Epigenome-Wide DNA Methylation Profiling Identifies Differential Methylation Biomarkers in High-Grade Bladder Cancer.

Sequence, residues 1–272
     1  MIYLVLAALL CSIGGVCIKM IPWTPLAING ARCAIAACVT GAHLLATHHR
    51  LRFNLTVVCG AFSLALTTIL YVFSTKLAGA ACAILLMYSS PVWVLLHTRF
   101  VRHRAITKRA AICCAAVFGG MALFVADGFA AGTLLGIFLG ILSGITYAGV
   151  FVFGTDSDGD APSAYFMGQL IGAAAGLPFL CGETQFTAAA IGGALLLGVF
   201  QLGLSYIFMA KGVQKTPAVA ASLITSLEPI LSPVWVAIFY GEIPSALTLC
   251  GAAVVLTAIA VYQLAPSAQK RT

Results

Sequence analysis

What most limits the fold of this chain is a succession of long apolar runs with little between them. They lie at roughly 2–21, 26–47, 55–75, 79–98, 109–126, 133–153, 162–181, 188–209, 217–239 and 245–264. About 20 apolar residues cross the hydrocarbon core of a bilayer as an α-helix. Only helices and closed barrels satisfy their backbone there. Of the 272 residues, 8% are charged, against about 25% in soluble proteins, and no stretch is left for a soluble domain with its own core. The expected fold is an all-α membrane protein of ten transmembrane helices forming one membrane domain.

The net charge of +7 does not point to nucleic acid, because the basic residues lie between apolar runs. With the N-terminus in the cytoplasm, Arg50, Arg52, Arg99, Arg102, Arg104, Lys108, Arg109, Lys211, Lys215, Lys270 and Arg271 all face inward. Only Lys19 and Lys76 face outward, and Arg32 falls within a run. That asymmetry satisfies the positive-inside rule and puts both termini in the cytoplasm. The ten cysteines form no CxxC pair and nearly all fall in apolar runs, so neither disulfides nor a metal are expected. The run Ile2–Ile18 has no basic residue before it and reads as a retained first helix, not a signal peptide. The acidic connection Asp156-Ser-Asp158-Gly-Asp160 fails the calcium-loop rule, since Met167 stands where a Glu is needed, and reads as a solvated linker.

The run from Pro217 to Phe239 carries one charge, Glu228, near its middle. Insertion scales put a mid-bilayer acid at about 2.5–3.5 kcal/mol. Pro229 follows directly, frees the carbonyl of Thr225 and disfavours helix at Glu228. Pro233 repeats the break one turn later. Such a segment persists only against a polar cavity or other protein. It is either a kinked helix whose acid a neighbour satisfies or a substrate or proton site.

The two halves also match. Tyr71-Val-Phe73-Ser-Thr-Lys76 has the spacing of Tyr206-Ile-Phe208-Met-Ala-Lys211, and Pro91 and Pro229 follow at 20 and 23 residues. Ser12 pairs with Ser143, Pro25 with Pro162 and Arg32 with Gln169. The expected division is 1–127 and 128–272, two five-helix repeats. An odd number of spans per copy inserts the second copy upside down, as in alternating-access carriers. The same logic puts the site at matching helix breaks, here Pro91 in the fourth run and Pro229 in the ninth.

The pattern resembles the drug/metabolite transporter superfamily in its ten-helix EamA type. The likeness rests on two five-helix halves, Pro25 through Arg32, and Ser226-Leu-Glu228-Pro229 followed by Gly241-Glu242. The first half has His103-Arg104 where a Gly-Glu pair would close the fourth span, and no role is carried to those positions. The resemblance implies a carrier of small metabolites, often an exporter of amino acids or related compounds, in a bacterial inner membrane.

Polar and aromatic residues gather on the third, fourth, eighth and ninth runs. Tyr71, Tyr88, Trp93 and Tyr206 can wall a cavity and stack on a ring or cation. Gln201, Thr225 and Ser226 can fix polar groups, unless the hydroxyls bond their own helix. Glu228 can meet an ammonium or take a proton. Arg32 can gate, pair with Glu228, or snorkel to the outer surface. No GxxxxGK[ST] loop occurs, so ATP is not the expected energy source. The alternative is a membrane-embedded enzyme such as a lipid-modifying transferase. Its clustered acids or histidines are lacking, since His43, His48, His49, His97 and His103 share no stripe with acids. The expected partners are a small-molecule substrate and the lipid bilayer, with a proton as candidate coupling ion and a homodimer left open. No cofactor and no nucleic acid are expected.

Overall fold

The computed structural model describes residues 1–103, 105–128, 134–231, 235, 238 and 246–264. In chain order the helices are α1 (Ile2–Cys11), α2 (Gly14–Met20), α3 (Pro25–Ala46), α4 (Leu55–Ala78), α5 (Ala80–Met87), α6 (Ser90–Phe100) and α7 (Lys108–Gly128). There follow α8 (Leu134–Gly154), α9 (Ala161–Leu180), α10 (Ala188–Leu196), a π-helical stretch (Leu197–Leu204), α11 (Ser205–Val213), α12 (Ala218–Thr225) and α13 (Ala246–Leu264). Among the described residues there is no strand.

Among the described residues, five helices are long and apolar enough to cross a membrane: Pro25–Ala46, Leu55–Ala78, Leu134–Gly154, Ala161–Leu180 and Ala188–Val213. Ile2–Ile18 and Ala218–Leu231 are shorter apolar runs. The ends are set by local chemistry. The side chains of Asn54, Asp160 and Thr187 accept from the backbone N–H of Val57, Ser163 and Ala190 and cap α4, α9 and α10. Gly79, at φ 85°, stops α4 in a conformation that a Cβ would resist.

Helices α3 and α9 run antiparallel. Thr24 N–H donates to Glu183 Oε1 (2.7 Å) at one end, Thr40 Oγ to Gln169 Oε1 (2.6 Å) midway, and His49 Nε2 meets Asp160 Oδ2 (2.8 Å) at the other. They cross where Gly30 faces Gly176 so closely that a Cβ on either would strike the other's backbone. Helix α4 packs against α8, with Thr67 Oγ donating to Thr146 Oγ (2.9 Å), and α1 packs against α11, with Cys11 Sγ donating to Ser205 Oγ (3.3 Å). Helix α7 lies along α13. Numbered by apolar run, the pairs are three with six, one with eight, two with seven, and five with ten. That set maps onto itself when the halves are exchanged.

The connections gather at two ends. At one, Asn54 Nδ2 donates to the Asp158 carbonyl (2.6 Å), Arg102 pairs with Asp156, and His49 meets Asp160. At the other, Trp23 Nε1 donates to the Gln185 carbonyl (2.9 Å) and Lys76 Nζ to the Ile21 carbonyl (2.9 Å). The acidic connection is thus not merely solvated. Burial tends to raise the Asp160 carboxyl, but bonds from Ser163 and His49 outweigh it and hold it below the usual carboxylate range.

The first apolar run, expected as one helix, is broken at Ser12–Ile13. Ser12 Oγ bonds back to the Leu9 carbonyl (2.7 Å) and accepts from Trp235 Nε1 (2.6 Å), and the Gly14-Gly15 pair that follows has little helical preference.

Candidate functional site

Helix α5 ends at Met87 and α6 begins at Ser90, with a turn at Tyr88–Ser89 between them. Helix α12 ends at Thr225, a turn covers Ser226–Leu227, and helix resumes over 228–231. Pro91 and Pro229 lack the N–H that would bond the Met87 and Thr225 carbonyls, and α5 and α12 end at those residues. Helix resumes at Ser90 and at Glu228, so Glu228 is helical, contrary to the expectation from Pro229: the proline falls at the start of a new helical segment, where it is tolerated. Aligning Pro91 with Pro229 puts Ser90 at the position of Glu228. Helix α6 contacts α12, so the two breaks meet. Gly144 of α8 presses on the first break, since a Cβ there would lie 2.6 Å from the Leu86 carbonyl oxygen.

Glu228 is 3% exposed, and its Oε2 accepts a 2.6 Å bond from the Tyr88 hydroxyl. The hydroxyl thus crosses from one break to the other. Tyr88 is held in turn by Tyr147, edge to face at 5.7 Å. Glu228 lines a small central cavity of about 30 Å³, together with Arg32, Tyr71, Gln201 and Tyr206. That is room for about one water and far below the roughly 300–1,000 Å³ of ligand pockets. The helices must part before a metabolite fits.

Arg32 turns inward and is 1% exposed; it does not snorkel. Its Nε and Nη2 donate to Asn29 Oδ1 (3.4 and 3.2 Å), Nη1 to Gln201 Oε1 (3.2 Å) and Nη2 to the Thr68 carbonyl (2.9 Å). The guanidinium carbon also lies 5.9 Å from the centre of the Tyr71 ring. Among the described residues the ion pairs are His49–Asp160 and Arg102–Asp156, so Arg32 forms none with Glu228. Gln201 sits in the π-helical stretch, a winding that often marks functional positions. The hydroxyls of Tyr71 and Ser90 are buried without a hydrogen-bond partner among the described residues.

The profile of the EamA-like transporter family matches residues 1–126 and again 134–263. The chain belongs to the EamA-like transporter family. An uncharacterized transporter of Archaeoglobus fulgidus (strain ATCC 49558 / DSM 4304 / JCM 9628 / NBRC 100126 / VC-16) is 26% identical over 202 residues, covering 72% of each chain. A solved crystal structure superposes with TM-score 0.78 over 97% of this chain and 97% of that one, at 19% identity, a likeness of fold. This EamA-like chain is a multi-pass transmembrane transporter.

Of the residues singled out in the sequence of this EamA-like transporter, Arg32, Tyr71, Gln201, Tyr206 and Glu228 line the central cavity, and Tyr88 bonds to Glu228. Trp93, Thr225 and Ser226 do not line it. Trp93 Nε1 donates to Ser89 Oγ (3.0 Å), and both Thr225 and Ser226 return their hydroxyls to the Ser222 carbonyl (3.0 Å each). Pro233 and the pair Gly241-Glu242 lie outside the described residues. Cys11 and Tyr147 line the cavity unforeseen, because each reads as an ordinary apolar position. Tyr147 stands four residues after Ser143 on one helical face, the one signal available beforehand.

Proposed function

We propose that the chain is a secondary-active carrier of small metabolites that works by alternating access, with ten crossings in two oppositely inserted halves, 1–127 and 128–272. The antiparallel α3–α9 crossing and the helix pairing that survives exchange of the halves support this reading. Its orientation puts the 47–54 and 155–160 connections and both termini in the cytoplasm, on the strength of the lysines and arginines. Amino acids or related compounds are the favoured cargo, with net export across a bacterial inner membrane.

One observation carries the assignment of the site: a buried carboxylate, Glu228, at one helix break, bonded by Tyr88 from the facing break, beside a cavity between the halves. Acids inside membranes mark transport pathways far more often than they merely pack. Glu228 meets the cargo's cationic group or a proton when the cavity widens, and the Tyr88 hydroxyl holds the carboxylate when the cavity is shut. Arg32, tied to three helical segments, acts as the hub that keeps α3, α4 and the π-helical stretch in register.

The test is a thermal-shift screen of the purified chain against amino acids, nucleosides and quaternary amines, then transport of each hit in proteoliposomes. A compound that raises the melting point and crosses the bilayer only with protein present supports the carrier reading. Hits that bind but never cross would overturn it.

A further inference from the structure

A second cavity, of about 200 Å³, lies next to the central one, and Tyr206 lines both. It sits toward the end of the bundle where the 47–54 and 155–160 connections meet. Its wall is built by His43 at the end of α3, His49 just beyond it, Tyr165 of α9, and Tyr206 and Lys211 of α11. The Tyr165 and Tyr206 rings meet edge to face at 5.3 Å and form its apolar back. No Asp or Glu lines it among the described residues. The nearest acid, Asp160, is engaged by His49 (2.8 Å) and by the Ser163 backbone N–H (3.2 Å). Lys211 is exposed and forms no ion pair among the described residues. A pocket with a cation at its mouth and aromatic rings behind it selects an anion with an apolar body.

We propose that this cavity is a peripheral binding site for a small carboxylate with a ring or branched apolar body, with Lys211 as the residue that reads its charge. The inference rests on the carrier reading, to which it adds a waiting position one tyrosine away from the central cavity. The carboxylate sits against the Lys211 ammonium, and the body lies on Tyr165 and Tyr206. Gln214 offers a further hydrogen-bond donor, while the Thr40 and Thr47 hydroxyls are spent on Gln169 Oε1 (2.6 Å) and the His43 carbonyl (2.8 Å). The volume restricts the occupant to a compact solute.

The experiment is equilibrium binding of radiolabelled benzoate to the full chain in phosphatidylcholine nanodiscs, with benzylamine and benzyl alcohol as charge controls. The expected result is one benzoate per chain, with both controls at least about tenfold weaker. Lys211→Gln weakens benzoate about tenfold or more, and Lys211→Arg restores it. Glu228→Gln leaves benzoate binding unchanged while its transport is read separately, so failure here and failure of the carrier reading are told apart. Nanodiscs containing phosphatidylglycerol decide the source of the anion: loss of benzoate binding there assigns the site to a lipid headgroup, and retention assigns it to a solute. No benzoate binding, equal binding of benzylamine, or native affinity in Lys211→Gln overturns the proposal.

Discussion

ABSTRACT: Epigenetic changes, including CpG island hypermethylation, occur frequently in bladder cancer (BC) and may be exploited for BC detection and distinction between high-grade (HG) and low-grade (LG) disease. Genome-wide methylation analysis was performed using Agilent Human CpG Island Microarrays to determine epigenetic differences between LG and HG cases. Pathway enrichment analysis and functional annotation determined that the most frequently methylated pathways in HG BC were enriched for anterior/posterior pattern specification, embryonic skeletal system development, neuron fate commitment, DNA binding, and transcription factor activity. We identified 990 probes comprising a 32-gene panel that completely distinguished LG from HG based on methylation. Selected genes from this panel, EOMES, GP5, PAX6, TCF4, and ZSCAN12, were selected for quantitative polymerase chain reaction-based validation by MethyLight in an independent series (n=84) of normal bladder samples and LG and HG cases. GP5 and ZSCAN12, two novel methylated genes in BC, were significantly hypermethylated in HG versus LG BC (P≤.03). We validated our data in a second independent cohort of LG and HG BC cases (n=42) from The Cancer Genome Atlas (TCGA). Probes representing our 32-gene panel were significantly differentially methylated in LG versus HG tumors (P≤.04). These results indicate the ability to distinguish normal tissue from cancer, as well as LG from HG, based on methylation and reveal important pathways dysregulated in HG BC. Our findings were corroborated using publicly available data sets from TCGA. Ultimately, the creation of a methylation panel, including GP5 and ZSCAN12, able to distinguish between disease phenotypes will improve disease management and patient outcomes.